is it primarily led by the head?
is it initiated from the neck?
how are the shoulders/ elbows involved?
is the back flexing and extending?
or is it moving laterally?
or is it a combination?
This is where experience, the capacity to contain the client, and the ability to focus on sensory detail is crucial. There can be many layers to a pattern, and sometimes clients present quite a tangle of impulses and defences. The therapist needs to hold that chaos, and have the clarity to unpick it. So, lets go back to the client twisting on the table. Considering the client's movements and my own countertransference response, I would be wondering:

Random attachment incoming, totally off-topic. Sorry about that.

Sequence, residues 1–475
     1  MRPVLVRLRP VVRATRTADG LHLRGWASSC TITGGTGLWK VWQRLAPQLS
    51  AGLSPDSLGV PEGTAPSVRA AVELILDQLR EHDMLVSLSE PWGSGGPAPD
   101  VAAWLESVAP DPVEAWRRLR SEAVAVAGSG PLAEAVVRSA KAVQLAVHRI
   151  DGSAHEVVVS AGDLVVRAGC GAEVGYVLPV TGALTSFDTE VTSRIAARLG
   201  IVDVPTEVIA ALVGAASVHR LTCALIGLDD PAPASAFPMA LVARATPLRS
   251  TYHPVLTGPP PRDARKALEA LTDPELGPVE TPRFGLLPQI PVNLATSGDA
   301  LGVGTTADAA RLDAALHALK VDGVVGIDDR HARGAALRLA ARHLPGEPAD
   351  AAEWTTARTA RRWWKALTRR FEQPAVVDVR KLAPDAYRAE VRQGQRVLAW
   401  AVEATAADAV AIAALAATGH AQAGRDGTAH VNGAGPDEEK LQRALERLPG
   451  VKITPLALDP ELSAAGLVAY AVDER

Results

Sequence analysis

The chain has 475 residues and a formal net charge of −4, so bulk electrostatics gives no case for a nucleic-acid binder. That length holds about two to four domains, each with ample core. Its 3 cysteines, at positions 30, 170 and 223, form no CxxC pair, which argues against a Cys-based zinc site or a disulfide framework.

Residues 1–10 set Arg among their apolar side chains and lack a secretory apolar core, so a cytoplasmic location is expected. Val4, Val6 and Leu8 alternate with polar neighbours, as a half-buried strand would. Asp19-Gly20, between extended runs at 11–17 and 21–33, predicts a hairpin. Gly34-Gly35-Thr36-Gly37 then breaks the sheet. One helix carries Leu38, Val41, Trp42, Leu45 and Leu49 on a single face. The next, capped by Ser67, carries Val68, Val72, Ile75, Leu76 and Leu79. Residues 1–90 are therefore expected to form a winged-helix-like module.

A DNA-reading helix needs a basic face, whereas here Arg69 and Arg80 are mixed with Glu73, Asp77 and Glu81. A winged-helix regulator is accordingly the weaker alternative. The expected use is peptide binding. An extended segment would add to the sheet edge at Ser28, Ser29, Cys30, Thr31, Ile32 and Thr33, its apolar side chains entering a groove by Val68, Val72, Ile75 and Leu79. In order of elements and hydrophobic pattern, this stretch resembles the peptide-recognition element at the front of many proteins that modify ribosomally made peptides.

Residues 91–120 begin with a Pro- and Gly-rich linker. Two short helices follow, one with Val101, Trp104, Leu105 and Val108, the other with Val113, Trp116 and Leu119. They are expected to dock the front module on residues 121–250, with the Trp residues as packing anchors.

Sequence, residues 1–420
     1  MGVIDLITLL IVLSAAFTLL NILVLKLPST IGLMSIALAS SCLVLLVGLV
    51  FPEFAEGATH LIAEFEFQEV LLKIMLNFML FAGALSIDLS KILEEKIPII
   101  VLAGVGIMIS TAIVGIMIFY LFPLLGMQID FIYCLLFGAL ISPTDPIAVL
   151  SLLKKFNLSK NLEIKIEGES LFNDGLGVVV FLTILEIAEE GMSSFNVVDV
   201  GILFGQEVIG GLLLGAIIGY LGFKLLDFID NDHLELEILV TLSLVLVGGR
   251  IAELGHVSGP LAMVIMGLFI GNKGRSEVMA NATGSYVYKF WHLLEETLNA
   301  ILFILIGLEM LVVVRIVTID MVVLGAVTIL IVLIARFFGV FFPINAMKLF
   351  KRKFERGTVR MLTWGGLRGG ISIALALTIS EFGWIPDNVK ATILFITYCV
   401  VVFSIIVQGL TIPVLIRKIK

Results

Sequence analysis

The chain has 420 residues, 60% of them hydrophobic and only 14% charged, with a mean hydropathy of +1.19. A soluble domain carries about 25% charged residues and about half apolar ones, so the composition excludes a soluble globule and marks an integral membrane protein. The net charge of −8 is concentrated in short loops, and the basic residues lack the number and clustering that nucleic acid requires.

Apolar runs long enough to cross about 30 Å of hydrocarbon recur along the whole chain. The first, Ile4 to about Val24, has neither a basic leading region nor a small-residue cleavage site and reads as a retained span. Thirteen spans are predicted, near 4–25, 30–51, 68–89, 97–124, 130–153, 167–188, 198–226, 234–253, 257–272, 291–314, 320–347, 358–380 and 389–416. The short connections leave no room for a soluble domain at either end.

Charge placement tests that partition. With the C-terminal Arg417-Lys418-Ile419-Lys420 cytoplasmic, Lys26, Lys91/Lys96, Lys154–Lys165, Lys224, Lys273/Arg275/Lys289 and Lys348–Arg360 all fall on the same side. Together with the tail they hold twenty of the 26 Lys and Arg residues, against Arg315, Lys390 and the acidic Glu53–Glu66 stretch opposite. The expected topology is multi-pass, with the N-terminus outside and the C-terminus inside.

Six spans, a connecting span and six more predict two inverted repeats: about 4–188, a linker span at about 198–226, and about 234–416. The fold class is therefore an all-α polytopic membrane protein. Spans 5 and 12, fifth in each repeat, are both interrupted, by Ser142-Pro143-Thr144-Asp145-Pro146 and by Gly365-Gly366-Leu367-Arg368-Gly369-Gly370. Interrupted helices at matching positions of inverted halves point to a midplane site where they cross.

are these movements in the back related to a birth process ? (Activated birth reflexes always have a symbolic significance which relates to the present. I need to consider whether I am standing in for a very early part object, for example, a suffocating womb or an unyielding cervix.)
or is it to do with rooting reflex ? (The rooting reflex is a primitive reflex which orients the baby towards the breast. Nonreinforced, unintegrated, extinguished and overstimulated reflexes are all potent carriers of relationship dynamics. For example, in the Robertson video of the little boy John who is left in care whilst his mother goes into hospital to have a baby, we see his progressive emotional deterioration. When she returns, he turns his head away from her, exhibiting a sort of 'anti-rooting' reflex - what in Jane Austen's day they used to call "cutting someone dead".)
or perhaps there's a sense that someone's on the client's back?
or are they just recoiling from their own instinctual energy? (hysterical arch)